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Unions shouldn’t bemoan a lack of strikes—but get organising them

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Issue 2557
The junior doctors tapped into political questions
The junior doctors tapped into political questions (Pic: Guy Smallman)

There were some grim statistics out last week about strikes and unions.

The number of working days “lost” due to labour disputes in 2016 was 322,000. This is almost twice the number of the previous year—but that was a very low figure.

Is this the end for national strikes?
Is this the end for national strikes?
  Read More

The figure for 2016 is the eighth lowest annual total since records began in 1891.

Around 40 percent of the 2016 strike days were due to the junior doctors’ strikes.

This was organised by the British Medical Association, an organisation that is not part of the TUC union federation.

In addition, the number of workers in trade unions fell by 275,000 to 6.2 million.

Need to be depressed more? The number of ballots last year was the lowest ever.

But it is wrong to respond to this with despair or say that workers are now apathetic.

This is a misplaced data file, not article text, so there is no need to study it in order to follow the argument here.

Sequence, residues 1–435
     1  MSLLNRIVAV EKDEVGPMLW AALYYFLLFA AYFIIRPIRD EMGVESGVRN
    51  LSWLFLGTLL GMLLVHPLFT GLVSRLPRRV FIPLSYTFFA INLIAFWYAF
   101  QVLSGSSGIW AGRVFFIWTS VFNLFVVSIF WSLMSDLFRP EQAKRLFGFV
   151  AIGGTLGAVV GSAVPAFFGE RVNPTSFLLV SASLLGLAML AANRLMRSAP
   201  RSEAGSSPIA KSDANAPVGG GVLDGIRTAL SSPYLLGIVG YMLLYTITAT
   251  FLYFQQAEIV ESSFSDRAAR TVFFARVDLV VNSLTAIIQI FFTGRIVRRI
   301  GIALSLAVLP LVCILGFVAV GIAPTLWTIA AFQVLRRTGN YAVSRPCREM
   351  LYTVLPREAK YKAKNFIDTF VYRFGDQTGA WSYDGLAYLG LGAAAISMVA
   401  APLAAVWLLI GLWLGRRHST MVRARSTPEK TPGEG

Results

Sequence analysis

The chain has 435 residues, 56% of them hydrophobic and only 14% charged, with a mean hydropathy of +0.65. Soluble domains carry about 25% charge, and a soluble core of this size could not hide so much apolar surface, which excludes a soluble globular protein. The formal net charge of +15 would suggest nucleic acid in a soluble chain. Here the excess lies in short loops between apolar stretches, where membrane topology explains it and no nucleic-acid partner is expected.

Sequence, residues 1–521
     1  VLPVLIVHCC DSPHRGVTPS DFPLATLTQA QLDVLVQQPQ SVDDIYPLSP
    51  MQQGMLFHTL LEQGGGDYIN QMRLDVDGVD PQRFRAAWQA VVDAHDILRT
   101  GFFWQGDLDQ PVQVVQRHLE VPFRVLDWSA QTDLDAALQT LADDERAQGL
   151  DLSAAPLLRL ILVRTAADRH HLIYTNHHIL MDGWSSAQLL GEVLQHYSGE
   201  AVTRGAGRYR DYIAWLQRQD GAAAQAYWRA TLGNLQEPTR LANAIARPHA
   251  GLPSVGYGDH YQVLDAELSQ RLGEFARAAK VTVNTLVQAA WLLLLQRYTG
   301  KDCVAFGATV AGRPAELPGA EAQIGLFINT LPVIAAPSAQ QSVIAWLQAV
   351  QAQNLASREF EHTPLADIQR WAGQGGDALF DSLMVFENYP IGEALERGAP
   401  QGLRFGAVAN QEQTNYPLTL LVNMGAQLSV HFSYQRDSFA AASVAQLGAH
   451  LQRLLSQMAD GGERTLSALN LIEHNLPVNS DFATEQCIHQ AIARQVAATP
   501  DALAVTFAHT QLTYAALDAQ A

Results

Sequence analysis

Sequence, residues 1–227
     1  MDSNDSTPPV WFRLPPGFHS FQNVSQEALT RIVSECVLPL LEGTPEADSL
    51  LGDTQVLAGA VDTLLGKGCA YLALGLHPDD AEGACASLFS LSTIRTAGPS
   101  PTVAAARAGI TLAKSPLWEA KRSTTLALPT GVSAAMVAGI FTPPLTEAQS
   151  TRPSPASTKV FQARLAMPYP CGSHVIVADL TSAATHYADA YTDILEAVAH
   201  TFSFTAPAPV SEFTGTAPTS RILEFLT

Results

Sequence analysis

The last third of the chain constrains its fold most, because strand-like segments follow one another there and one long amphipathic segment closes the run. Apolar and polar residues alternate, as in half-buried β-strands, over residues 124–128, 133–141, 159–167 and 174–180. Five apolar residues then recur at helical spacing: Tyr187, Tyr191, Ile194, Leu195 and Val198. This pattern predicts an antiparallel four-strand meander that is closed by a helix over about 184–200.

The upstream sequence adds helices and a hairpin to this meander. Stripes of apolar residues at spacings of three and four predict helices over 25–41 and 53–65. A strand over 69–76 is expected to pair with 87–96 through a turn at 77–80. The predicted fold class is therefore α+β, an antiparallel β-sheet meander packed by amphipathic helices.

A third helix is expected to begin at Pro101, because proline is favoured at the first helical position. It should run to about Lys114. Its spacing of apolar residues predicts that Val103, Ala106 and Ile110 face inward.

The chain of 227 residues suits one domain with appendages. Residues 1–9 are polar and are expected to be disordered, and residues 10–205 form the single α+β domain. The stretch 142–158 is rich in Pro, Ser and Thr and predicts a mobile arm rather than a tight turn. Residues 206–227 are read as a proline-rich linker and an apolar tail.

More than six million trade unionists are still a very powerful potential force.


There are plenty of reasons workers feel angry about their employer, but the problem is winning a collective response.

Unions having systematic membership drives would help. A high-profile campaign to organise Amazon workers, for example, would act as an example to others.

But the lesson of history is that the most effective way to build is for unions to be seen as fighters, to take action—and win.

Strikes must be boosted with solidarity, not limited by bureaucratic inertia or sabotage.

Look at the publicity and hope from the Durham teaching assistants’ battle.

But they had to overcome the defeatism of their union leaders.

Recent weeks have demonstrated that there are millions of people in Britain open to a radical agenda.

These include many young people, the ones that the unions find hard to recruit.

Unions need to tap into political questions. The junior doctors rightly stressed that they were at the forefront of the defence of the NHS.

Anti-racism, climate change, women’s and LGBT+ rights must be union issues.

If the unions are to grow they need to be much more militant.

They need to be much more open to members’ participation and much more prepared to resist the bosses and the anti-union laws.

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